Swag2

Swag1

11/17/2008

Newspaper Digitization at Shandong Provincial Library

Filed under: — K. M. Lawson @ 10:00 am

I am currently spending my days at a microfilm machine in the basement of Shandong Provincial library, looking through old wartime newspapers from occupied and civil war period Shandong.1 The publications I’m looking at are often put out of more remotely located areas not fully under Japanese control such as Yishui(沂水).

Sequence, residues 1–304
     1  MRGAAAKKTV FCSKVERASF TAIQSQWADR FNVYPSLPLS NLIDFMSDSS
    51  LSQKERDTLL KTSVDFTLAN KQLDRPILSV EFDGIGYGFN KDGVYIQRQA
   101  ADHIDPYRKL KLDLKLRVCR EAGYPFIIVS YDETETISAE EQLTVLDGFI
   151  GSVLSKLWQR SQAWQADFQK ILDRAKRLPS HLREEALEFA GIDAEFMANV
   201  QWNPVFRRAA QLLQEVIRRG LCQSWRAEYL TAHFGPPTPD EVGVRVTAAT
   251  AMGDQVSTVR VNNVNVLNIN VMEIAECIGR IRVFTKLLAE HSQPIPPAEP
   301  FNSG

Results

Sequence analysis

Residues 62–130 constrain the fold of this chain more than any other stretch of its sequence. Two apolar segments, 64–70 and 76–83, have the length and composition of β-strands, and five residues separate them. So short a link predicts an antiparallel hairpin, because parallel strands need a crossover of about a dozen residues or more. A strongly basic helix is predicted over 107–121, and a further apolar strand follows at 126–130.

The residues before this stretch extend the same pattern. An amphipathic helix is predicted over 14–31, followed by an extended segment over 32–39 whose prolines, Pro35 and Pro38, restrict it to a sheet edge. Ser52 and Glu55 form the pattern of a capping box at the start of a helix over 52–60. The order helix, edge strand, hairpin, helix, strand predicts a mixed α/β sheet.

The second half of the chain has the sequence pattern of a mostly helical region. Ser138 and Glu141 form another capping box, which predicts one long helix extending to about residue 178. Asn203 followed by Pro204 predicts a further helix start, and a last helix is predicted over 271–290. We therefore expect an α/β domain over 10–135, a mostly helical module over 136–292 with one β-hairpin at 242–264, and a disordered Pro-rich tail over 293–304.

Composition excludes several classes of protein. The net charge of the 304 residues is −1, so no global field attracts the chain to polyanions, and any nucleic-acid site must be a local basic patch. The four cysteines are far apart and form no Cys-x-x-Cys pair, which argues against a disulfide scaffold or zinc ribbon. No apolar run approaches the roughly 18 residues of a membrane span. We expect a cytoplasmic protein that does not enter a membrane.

To be given access to the old newspapers, I have to pay a fee of about $5 per reel and a few cents per photograph I snap of the microfilm machine screen, but I guess that is just the cost of doing research here (at least I’m allowed to use my camera, which one cannot assume in Asia). Their old microfilm machines aren’t the best, with usually only half of any given page fully in focus and no zoom capabilities but the lamp is brighter and the quality of the microfilm is significantly better than some of the late 1940s newspapers I have looked through in Korea’s national library. Generally, what is left of Korea’s published materials from the postwar late 40s are, as far as I can tell, in far worse condition than what I have come across here in Shandong among the Communist newspapers and documents coming out of nominally occupied zones of wartime China, with some exceptions.2